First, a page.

RALEIGH, N.C. (WNCN) – Evolving technology meant to keep pedestrians safer doesn’t work the same in all vehicles.
When a pedestrian leaves the sidewalk, they become vulnerable to a driver who is not paying attention.
The Insurance Institute for Highway Safety says annual pedestrian fatalities have increased 53 percent since reaching a low point in 2009.
More than 6,000 pedestrians were killed in 2018.
During 2013-17, the two deadliest days of the year for pedestrians on average were Oct. 31 and Nov. 1.
To help remedy that problem, automakers have voluntarily agreed to make automatic emergency braking for pedestrians standard in all vehicles by 2022 – but, tests show those systems still need work.
Of the 16 midsize cars tested by the IIHS, some failed, some were OK and some worked great.
The Audi A4, BMW 3 Series, Mercedes-Benz C-Class, Nissan Maxima, Subaru Outback and Volvo S60 have systems that earned superior ratings from the IIHS because they avoided collisions or slowed substantially in track tests.
At the other end of the spectrum, the Ford Fusion, Hyundai Sonata and Kia Optima earned no credit because they failed to slow significantly in multiple scenarios.
Here’s the breakdown of how each vehicle did in the tests.
The Institute’s president explains why there was so much variance in the testing.
“They have different sensors,” said IIHS President David Harkey. “Some use cameras, some use radar and they all have algorithms behind those sensors the process the data.”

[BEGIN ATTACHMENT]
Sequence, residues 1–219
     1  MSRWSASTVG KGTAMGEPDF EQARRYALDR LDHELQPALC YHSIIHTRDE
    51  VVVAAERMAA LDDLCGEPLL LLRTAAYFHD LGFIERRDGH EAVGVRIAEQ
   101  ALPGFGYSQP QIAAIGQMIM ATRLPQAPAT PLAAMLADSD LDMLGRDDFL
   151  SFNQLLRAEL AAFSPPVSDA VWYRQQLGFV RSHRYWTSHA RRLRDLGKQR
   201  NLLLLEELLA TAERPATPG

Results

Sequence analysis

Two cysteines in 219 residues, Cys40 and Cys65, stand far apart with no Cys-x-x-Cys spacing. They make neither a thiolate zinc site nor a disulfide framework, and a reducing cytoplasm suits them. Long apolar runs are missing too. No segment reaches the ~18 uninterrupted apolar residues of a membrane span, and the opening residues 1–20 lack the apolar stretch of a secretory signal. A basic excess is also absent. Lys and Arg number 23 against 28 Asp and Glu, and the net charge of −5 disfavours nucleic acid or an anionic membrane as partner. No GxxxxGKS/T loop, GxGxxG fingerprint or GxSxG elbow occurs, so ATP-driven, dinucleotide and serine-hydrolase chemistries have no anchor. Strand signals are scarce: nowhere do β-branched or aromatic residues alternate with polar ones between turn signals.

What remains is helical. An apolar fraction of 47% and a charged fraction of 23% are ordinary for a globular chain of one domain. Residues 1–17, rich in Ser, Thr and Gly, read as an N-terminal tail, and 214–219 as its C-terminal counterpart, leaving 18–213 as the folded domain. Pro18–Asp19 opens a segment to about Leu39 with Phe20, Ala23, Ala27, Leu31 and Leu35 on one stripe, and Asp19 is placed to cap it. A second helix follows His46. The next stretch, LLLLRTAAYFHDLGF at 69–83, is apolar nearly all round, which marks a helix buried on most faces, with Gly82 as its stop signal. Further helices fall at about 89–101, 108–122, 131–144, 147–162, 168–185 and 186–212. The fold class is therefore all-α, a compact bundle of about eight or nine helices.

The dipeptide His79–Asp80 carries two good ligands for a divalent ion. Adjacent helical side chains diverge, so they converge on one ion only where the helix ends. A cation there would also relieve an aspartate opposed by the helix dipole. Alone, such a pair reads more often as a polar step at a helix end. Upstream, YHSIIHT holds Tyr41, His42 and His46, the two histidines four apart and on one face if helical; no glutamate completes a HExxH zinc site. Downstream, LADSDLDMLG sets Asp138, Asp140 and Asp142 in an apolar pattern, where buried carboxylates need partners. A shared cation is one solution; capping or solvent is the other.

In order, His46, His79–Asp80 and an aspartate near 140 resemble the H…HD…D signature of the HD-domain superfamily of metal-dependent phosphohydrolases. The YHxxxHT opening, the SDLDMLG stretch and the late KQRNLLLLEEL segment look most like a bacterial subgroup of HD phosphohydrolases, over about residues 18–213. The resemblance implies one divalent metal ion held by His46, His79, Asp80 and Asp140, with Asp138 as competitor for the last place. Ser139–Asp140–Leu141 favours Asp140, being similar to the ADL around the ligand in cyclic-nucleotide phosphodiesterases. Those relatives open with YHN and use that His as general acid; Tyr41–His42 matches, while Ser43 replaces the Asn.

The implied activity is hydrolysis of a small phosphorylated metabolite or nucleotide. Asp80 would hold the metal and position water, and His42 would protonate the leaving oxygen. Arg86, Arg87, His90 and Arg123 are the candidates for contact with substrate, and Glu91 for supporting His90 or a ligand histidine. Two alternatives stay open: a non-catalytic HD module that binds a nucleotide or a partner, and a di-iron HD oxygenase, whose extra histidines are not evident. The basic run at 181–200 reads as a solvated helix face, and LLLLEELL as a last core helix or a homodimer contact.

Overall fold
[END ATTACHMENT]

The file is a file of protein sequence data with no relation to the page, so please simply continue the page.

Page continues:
That leads to results like where the Ford Fusion failed to detect any pedestrians while vehicles like the Audi A-4 scored a superior rating.
None of the IIHS tests were conducted at night when these systems fail more often.
The Institute concentrated on testing how systems detected adults crossing the streets, pedestrians on the road and children darting out from in-between parked cars.
The two perpendicular tests are conducted were at 12 and 25 miles per hour, while the test simulating a pedestrian walking in a parallel path to the vehicle is conducted at 25 and 37 mph.
In each of these tests, the system has 1 or 2 seconds to stop the car to avoid hitting the pedestrian dummy.
This is not the end of the technology’s evolution.
“It’s a first step,” said Harkey. ”All of the systems can be improved and will evolve over time to include nighttime conditions.”
When a vehicle hits a pedestrian speed plays a big factor.
At school zone speed of 20 mph, your chances of surviving a collision is 90–95 percent.
As speed increases, survivability drops dramatically.
At 40 mph, your chance of surviving a crash as a pedestrian drops to 5 percent.
But, even if a current system doesn’t completely stop a vehicle, Harkey says it’s still better than nothing for pedestrians.
“Even if a vehicle cannot stop, if you can reduce the speed at which a collision occurs, you’ve increased the survivability rate for a pedestrian quite a bit,” he said.
The systems also aren’t meant to replace your decision making —they are meant to assist drivers in an emergency.
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